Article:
Wednesday, October 27, 2010

Employment: Nice Work If You Can Get It

After watching Ford's rosy face dawn on Toronto yesterday morning, I was immensely pleased to learn that I will in fact have a job for the next four years.  Pundits and political cartoonists clinked more crystal on Monday night than the entire Ford victory party (That's not saying much though, as Ford's party was hardly a classy affair).

That's not sweat he's bathed in; that's glory.
I was initially amused by Toronto's reaction to Ford's victory.  Countless Torontonians, like typical white people, began making vague threats about moving elsewhere, and so on.  This is just posturing, however, because privilaged white people don't have the cobblestones to follow through on fashionable threats like that.

As I read more and more expressions of anger, frustration, and grief, however, I was truly moved to compassion.  Though I may be a misshapen clod with a crippling fear of paper clips, I am not heartless.  I tried cheering up Toronto by pointing out the fact that Rob Ford's so-called reign of terror will follow the usual template of political activity:

  • Will keep less than half of his promises
  • Blame the previous administration for screwing things up so badly that they can't be fixed in four years and will consequently need another term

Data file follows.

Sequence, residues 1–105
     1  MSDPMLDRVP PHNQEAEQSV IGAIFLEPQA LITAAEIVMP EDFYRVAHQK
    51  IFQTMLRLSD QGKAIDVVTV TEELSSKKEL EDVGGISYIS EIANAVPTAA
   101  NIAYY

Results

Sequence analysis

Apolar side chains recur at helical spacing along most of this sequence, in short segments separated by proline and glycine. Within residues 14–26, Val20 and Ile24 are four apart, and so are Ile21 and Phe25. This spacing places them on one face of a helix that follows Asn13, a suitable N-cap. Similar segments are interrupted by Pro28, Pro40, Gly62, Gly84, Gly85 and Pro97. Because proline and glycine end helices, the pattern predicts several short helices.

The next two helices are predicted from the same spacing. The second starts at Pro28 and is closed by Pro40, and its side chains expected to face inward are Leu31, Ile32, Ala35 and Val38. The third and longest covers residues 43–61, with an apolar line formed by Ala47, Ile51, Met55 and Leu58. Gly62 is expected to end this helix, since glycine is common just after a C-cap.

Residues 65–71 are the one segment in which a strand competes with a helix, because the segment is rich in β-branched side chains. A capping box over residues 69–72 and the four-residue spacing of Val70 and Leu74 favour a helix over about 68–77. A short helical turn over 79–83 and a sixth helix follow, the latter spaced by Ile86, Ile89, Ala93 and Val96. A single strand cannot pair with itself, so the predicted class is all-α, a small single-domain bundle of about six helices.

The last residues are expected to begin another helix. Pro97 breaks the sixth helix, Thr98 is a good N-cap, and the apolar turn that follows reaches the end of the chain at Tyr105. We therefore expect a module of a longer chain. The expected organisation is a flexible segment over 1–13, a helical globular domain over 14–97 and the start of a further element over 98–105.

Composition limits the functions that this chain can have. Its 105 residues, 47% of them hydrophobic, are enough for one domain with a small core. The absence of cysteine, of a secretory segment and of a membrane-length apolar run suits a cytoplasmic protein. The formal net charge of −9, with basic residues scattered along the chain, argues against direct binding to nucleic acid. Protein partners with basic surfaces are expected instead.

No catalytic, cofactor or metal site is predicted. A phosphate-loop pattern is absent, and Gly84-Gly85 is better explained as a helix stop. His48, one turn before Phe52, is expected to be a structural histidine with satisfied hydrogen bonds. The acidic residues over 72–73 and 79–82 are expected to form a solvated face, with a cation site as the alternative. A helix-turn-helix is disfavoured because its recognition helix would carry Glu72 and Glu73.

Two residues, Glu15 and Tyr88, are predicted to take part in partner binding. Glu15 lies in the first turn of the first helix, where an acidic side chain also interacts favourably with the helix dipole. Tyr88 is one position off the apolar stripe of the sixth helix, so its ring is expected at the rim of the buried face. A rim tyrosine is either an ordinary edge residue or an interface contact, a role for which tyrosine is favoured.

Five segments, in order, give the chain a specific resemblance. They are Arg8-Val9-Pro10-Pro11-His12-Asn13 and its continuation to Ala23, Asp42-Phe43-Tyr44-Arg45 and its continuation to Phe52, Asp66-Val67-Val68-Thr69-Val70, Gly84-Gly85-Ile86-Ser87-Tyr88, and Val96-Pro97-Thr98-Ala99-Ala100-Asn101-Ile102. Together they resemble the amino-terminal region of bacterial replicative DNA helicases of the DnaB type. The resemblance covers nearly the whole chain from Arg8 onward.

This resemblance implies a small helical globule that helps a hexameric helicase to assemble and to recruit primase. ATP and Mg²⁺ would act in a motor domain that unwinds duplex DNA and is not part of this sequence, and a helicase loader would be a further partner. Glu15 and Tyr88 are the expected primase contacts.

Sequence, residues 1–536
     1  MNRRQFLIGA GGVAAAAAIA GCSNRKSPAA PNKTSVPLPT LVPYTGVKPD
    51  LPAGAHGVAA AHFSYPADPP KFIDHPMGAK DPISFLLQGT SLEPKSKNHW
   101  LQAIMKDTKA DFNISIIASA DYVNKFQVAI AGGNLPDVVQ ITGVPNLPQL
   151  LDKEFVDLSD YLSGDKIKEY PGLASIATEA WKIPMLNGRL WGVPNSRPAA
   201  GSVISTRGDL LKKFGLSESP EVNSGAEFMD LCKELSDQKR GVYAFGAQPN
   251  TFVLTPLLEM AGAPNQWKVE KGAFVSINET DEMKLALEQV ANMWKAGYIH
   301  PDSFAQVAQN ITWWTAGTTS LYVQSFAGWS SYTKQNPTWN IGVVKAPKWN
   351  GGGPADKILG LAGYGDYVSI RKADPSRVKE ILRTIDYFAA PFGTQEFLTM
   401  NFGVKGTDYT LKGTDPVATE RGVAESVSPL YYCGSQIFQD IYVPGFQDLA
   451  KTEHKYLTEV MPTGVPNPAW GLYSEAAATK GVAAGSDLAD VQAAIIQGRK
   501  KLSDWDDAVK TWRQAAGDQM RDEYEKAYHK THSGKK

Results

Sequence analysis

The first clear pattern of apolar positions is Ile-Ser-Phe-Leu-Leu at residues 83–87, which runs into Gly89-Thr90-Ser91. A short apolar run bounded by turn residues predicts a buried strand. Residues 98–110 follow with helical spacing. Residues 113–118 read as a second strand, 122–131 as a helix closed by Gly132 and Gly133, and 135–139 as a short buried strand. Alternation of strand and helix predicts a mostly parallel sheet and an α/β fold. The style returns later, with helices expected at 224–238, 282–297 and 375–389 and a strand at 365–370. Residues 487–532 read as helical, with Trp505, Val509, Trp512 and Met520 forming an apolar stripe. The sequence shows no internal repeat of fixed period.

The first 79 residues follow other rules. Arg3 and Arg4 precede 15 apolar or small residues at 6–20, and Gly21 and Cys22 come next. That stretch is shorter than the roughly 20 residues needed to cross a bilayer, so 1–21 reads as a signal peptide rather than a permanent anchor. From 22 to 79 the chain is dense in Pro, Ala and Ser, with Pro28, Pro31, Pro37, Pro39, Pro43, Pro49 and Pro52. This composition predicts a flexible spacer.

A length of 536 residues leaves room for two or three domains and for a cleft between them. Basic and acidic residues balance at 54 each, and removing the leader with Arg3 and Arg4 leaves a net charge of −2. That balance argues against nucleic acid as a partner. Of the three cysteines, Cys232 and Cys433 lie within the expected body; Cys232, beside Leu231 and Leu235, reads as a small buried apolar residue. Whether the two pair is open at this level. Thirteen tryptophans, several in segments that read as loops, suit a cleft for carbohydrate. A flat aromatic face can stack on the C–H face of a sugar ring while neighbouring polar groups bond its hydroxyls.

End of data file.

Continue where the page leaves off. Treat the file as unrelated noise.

• Begin to putter with complacency
  • ...and then culminate in a flurry of last minute changes to create the illusion he's been productive. 
This did not appear to assuage any of the grief that Torontonians still seem to be feeling.  To that end, I offer this observation: Toronto didn't become a pulsing, throbbing, and surging hive of activity, change, and progression because of politicians.  It became a destination because of the individual people who inhabit, embrace, and change it with their contributions.

Politicians are parasitic to the process.

Leave sitting around on the Internet like an idiot to professionals like me and go do something awesome!

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